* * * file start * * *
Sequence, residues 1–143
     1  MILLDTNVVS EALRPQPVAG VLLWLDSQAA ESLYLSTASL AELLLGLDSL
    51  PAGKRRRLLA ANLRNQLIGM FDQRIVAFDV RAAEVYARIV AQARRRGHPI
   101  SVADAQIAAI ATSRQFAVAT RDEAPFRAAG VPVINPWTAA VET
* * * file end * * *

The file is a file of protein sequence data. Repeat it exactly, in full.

Sequence, residues 1–143
     1  MILLDTNVVS EALRPQPVAG VLLWLDSQAA ESLYLSTASL AELLLGLDSL
    51  PAGKRRRLLA ANLRNQLIGM FDQRIVAFDV RAAEVYARIV AQARRRGHPI
   101  SVADAQIAAI ATSRQFAVAT RDEAPFRAAG VPVINPWTAA VET